BENEFITING: Immune Deficiency Foundation
This year I will celebrate my 30th birthday. You may think what's the big deal, but it is. I was born with Severe Combined Immune Deficiency (SCID). Many SCID patients do not survive beyond two years . Please join me in celebrating by donating to IDF. It's such an awesome cause and the best part is, all the money I raise goes directly to IDF’s research and education. I couldn't be more excited to celebrate the big 30 with my family and friends.
Can you make a $30 or any donation to my page?
From birth through grade school and to the present, I have had many phenomenal days and challenges days, but I had life. I played sports, performed in plays, graduated from high school, went to college, and even traveled the states. I have been in the presence of senators and state representatives, a guest on the CBS Morning Show, the Phil Donahue Show, Great Day Houston Show and appeared in Woman's Day Magazine. I worked in corporate America jobs and currently, I am an entrepreneur and looking forward to fulfilling my dreams.
Also, I am a peer support volunteer as well as a mentor with the Immune Deficiency Foundation. I can boldly say, "This is my life... I can live it because I received a bone marrow transplant."
I was born with Severe Combined Immune Deficiency Disease (SCID). Severe Combined Immune Deficiency is a disease in which the body cannot fight off bacterial or viral infections. Infants diagnosed with SCID can be born without T cells, B cells or Nature Killer cells. In the early '70's, infants with SCID were placed into the sterile enviroment of a plastic bubble, like David Vetter. SCID is considered the most serious of the immune deficiency diseases. For many years, a bone marrow transplant was the only cure.
When I was two weeks old, I received a bone marrow transplant. The donor was my two-year old sister, Noel. I thank God she was the perfect match for me. I was so lucky and very blessed. There are so many other children that were not as lucky as I was. My brothers, Deidrick and Wesley unfortunately both died at an early age from SCID.
Deidrick was born in 1972. He was two months old when diagnosed. Deidrick's new home became a plastic bubble. Having already been exposed to many germs, Deidrick lost his battle when he was only seven months old. He had no defenses and could not overcome the infections that attacked his little body.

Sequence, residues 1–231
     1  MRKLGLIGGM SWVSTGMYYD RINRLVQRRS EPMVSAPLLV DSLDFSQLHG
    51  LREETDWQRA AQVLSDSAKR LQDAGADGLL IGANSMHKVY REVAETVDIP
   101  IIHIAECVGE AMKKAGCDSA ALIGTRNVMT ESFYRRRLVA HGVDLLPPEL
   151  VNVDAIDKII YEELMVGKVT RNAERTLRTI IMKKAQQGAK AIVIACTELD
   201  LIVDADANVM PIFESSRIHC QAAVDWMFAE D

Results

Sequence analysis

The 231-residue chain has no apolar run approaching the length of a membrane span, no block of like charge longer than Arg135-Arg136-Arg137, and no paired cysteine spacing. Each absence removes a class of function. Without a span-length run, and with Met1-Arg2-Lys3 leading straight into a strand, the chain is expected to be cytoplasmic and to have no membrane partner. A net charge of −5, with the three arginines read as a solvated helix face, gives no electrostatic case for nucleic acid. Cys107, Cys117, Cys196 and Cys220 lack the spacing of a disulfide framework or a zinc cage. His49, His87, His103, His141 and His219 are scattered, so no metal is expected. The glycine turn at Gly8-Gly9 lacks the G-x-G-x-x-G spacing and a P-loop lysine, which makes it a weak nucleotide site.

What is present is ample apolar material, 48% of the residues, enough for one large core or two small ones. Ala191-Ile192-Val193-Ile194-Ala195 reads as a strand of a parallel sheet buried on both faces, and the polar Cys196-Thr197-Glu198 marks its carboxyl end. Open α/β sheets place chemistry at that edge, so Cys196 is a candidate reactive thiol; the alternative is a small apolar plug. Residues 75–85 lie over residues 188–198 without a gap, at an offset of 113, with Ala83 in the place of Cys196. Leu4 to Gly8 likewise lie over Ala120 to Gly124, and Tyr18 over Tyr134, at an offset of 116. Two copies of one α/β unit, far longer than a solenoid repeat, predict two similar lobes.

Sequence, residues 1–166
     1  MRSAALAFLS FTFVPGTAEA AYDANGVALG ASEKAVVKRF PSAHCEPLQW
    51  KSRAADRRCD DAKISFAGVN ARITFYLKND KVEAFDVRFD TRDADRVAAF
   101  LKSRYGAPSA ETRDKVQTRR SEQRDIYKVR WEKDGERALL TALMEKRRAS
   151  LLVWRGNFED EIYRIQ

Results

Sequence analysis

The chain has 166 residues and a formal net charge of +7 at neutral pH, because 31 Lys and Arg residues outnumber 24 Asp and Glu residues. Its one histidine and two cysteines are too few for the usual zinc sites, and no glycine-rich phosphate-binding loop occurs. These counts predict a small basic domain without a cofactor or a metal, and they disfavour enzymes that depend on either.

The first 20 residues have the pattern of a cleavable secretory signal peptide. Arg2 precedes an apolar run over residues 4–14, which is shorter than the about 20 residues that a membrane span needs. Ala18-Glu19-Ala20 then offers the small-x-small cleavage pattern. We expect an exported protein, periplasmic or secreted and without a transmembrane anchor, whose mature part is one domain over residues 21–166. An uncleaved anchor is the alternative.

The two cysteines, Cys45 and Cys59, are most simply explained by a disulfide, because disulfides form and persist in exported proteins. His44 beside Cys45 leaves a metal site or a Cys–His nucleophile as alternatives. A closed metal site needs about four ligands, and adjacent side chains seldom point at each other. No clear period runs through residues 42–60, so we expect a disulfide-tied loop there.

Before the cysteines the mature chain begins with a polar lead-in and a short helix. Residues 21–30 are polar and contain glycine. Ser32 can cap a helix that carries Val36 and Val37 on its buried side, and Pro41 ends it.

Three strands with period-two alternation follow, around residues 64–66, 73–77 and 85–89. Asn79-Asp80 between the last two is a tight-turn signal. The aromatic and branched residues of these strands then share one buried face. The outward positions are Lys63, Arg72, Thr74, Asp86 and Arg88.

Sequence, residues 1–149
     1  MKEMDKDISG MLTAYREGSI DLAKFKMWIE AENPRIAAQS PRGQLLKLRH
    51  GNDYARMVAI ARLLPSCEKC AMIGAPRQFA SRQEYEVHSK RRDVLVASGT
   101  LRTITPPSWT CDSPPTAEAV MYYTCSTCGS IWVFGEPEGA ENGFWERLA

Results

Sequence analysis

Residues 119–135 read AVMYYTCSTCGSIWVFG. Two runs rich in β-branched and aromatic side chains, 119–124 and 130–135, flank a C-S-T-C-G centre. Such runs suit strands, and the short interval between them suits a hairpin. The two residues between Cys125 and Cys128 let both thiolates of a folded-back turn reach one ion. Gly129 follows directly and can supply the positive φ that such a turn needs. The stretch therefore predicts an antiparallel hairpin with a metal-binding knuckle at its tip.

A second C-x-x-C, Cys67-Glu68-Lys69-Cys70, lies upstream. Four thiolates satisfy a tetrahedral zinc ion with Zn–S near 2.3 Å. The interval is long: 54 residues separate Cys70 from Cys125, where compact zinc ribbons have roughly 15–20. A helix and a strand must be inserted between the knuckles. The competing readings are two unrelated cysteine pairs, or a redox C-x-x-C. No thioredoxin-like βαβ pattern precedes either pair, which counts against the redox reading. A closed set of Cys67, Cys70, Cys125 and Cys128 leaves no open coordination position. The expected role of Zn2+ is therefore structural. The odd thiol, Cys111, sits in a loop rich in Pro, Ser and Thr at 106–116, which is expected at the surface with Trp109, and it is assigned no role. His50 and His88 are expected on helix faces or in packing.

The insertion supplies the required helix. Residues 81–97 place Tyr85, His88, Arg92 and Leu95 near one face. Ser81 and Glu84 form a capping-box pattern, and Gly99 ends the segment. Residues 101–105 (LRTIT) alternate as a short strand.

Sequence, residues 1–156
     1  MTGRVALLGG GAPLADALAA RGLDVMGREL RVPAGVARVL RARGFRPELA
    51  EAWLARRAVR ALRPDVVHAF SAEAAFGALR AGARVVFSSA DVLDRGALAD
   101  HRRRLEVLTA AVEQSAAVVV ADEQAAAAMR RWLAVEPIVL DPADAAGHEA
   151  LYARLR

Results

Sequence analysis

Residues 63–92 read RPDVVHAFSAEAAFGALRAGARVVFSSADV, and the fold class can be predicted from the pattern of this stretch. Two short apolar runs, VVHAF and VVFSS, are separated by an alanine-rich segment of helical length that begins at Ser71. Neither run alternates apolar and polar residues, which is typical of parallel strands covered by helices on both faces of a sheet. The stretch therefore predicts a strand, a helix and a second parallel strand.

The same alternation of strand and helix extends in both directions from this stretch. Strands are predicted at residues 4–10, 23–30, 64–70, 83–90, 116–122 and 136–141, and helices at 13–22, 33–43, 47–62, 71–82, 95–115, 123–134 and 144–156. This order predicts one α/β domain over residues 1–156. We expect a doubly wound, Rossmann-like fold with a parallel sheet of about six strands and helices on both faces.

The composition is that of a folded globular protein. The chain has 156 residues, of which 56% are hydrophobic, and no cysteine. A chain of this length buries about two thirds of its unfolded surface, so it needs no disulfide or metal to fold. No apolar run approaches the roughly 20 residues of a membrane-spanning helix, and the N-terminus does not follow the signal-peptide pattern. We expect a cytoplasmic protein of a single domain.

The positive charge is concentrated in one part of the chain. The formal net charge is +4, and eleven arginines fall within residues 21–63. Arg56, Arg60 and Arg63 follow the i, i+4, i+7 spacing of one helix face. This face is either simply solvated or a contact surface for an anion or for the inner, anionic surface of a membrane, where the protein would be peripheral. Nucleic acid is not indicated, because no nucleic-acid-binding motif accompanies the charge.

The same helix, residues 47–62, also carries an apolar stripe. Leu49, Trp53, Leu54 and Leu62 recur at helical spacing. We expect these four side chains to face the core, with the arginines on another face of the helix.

Two years later, Wesley was born. He too was another victim of SCID. For my young parents, this was devasting. Wesley didn't have a chance at life without a bone marrow transplant, or the knowledge known today through years of research. His battle was over in nine short months. I often think and reflect how wonderful life would have been to grow up with my two older brothers by my side.
I am bless that I have a chance at life because I was able to receive the gift of a bone marrow transplant. As a response to the gift of life that I was given, I volunteer to help bring awareness to all primary immunodeficiency diseases. There is still such a great need for research and education.
Perhaps telling my story will provide many new infants a chance at a healthier life. Being a mentor to younger children who suffer the same disease as I do brings me great joy. I'm grateful they have someone to look up to that is leading a "awesome" life while living with this disease.
My hope and prayers are other families will not have to endure the pain and suffering as my family did.
With increased awareness, funds can be raised to continue to support the entire PI community.